Growth: Govt spending remains key to India’s economic growth

Economy


Optimism to pessimism—the past week saw the full range of business sentiments in the country grappling with a slowdown. On February 11, Finance Minister Nirmala Sitharaman cited seven economic indicators, like a booming stock market, increased FDI and optimism among purchasing managers, to say that “green shoots” of a turnaround were visible.

But a dampener came the very next day when the Index of Industrial Production (IIP) for December 2019 showed that factory output had shrunk 0.3% while retail inflation had risen to 7.59% in January 2020. Then, on February 13, Standard & Poor’s retained the BBB- rating for India — the lowest in the investment grade — even as ratings agency predicted better growth ahead for the country. On February 14, a Bank of America report said that as per its India Activity Indicator, while the worst was over “… the bottom is turning out to be is far deeper and longer than we envisaged.”

Thus, it appears not everyone shares the finance minister’s optimism.

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R Gopalakrishnan, a former Tata Sons director, says: “From my conversations with people in the automobile, auto ancillary, steel and consumer goods sectors, I have not seen any green shoots. I fear the green shoots may well be in the minds of the observer.”


Beyond IIP & PMI


A revival in the GDP growth rate is key to the Indian economy. Economic growth had slowed to an 11-year low of 4.5% in the July-September quarter of the current financial year.

The purchasing managers’ indices (PMI) for manufacturing and services had brought in a dose of optimism at the beginning of February. At 55.3 for January, the manufacturing PMI was at an eight year high. So how does this high optimism for the future coexist with the IIP contraction of December 2019?

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An economist at a large bank, who does not want to be identified, says PMI is not a relevant indicator for India. The person says some experiments the bank has run with PMI data show the numbers do not quite work in the country.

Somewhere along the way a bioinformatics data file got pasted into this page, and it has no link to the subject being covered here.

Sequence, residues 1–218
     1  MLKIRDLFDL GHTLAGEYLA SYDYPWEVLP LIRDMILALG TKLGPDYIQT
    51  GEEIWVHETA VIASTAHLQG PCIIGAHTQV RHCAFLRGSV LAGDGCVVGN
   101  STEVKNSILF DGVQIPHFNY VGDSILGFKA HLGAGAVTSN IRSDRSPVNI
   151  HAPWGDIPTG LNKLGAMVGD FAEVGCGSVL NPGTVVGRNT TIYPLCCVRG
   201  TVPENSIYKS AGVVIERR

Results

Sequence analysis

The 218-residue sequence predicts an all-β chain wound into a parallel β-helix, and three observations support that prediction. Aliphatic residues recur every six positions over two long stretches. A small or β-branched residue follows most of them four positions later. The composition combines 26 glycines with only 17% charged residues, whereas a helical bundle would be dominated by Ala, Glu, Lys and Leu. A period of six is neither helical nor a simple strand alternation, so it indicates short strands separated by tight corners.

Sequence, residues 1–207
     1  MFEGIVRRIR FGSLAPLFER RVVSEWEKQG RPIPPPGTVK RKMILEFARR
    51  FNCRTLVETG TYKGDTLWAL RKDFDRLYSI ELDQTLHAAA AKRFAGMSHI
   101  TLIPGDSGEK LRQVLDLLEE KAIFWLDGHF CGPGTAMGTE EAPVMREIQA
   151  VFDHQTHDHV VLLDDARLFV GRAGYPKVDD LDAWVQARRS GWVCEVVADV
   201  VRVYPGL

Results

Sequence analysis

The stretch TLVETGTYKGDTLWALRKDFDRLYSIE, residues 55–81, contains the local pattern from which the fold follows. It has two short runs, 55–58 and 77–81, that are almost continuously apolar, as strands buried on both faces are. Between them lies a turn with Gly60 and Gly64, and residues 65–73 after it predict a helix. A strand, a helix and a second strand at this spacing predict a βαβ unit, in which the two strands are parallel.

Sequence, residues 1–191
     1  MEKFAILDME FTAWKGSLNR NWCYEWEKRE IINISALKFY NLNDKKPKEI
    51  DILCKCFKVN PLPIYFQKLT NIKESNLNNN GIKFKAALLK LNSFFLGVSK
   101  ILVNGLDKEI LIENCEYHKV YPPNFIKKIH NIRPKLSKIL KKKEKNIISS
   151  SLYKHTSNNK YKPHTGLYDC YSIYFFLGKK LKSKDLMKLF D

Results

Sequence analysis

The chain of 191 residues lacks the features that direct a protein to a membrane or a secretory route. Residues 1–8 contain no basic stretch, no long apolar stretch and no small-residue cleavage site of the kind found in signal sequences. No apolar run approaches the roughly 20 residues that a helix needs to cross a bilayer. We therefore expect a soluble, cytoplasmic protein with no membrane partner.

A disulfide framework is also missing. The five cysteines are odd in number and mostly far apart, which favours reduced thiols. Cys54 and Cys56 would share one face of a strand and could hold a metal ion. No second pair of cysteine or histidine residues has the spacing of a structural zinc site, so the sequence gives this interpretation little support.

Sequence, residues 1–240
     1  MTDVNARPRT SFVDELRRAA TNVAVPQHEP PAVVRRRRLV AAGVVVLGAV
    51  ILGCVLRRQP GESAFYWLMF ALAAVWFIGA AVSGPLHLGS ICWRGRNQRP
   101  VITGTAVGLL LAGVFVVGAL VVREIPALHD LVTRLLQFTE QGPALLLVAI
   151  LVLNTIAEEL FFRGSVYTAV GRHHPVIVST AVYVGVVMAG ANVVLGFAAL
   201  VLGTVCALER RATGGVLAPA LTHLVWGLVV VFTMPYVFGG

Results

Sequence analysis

At automaker Mahindra & Mahindra (M&M), chief economist Sachchidanand Shukla keeps a heat map of a long list of indicators to track changes in investment and consumption in the country. He says so far, the heat map has given out a mixed verdict, with only a few indicators, like cement demand, railway freight, air cargo, PMI and central government spending, showing positive change. The negatives are capital goods production, imports and spending by state governments.

Indranil Sen Gupta, Bank of America’s India economist, says: “Growth in our India Activity Indicator slipped to 3.1% in December 2019 from 4.5% in October-November and 3.15% in August-September. A key driver was the fall in real cash demand due to higher CPI (consumer price index) inflation after a spike in onion prices. Adjusted for this, growth in the India Activity Indicator was still an anemic 3.8%, and 5 out of the 7 components of the indicator deteriorated in December from November 2019.”

Shukla of M&M says the biggest factor handholding the weak economy is central government spending, which went up 32% year-on-year in the October-December quarter.

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Govt spending the key

Sudip Ghose, managing director of VIP Industries, too appears optimistic like the finance minister, even though the luggage-maker recorded flat revenue in the October-December quarter. “The Reserve Bank of India has tried to increase liquidity by easing norms for auto and retail lending. The monsoon was good, so the rabi crop should do well. Unlike last year, there are no big elections in the first half of the year either. So from April, things may look better.”

Shukla, however, says a lot continues to depend upon how much the government is spending. “Going forward, if the central spending weakens, key indicators may weaken too. Yet, the government may target a certain level for fiscal deficit and slow down spending.”

Rare growth story

On February 12, IT industry body NASSCOM released its annual numbers, stating that the industry would grow at 7.7% in 2019-20 as compared to 7% in 2018-19.

IT is among the few industries showing better growth over the previous year. While IT exports grew by 8.1%, the domestic IT market grew at a slower 6.5%. However, this export-oriented sector too is looking at more government spending.

NASSCOM chairman Keshav Murugesh told ET Magazine that there is a digital component in nearly all government schemes and the procurement process for them should start soon.

“We will see various request for proposals for smart city projects. The universal procurement platform is also getting started and for the domestic sector, we feel government spending will provide a boost,” he says.

The wider body of indicators have thrown up a mixed bag and Sitharaman now has to shoulder the responsibility to keep the “green shoots” alive, through continued spending.



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